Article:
When we say that poetry is strange, we mean not that it is less than intelligible, but exactly the opposite: poetry is intelligibility heightened, strengthened, distilled to the point of astounding us; and also made manifold. Metaphor is intelligibility's great imperative, its engine of radical amazement.
At its best, Ozick's prose is equally, radically amazing. She may not always compel our agreement--the scolding she administers to W.G. Sebald, whom she clearly admires, is something of a puzzler--but her voice never ceases to register distinction and detail, emitting what she calls "the hum of perpetual noticing." Five cheers, then, for . And by the way, might be a candidate for the author's next alliterative title?

Feb 11, 2018 · Cynthia ozick portrait of the essay as ..

Art & Ardor: Essays by Cynthia Ozick - Hardcover - Second Pr

Ozick does differentiate between the reader (one hesitates to say: simple reader) and the critic/biographer/scholar, allowing that the latter's rooting around in biography has some validity - - but it stands in contrast to her repeated insistence that one of the values of the novel is the sheer essentially escapist pleasure to be found in it. She's a grand supporter of the novel, and thinks it's far from dead, and one of the pleasures of this collection is her continuing enthusiasm for the form.). Many of these pieces are the sort of essays that look at whole lives and entire careers (and about non- and thwarted novelists at that); it's almost a shame she couldn't indulge her novel- support more freely. In her Foreword Ozick notes that she can't say the essays in the book "are unified by a single theme", but several currents run through it. One is obsolescence, the once famous whose reputations haven't outlived them.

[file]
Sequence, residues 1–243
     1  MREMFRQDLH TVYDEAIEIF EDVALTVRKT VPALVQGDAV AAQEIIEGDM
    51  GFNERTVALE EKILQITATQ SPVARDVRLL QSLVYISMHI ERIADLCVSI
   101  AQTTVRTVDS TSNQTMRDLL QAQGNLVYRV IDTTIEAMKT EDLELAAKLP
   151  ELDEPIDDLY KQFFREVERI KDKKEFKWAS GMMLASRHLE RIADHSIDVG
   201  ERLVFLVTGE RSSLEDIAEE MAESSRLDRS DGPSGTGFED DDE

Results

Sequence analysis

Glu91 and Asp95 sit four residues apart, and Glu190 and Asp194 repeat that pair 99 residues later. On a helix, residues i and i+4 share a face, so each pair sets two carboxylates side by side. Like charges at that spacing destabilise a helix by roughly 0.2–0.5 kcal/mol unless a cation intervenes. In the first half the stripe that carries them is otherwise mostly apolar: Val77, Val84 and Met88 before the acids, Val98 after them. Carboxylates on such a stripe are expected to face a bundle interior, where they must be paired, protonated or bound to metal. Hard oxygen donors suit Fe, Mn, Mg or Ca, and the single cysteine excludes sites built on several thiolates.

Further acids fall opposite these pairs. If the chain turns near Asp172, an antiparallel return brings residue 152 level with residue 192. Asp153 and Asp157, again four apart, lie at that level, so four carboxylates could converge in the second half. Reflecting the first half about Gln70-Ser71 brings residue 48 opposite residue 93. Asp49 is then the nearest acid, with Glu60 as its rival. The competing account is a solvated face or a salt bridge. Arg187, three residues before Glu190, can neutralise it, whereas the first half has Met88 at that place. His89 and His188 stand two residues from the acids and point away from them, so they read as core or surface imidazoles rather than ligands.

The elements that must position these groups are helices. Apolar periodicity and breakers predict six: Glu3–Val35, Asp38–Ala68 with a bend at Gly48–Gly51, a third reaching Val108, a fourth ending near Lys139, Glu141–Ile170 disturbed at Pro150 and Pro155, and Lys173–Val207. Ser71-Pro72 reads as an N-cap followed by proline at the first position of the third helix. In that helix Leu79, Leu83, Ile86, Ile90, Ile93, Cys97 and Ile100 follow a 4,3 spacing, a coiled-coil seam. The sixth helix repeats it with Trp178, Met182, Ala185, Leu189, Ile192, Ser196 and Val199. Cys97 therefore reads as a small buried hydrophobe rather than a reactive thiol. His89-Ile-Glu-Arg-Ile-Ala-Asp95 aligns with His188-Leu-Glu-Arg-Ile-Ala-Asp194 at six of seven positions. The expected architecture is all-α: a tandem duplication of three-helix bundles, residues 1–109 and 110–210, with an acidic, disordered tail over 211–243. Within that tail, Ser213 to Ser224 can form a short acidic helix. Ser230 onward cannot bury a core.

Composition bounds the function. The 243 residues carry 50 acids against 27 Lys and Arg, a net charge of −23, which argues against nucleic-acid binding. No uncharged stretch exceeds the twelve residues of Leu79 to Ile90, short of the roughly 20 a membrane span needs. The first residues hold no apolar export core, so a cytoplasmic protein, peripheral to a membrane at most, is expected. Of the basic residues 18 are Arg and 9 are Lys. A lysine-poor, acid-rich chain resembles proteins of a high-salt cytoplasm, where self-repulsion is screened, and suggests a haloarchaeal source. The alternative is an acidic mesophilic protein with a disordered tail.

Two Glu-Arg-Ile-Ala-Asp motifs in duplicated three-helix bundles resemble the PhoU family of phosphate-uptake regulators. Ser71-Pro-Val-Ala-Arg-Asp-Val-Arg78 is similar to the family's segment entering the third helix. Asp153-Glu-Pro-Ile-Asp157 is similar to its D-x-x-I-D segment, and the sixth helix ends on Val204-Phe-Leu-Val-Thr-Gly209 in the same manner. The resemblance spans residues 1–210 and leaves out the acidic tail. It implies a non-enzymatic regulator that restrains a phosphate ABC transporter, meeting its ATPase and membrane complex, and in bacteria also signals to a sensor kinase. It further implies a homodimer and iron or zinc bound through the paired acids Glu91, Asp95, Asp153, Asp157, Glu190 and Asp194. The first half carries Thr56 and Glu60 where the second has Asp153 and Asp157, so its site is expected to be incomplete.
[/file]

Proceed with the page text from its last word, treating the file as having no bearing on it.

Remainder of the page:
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The Din in the Head. The Din in the Headby. Cynthia Ozick general information review summaries our review links about the author. These pieces were previously published in various magazines. Return to top of the page - Our Assessment: A- : a mixed bag, but always lively, sharp writing.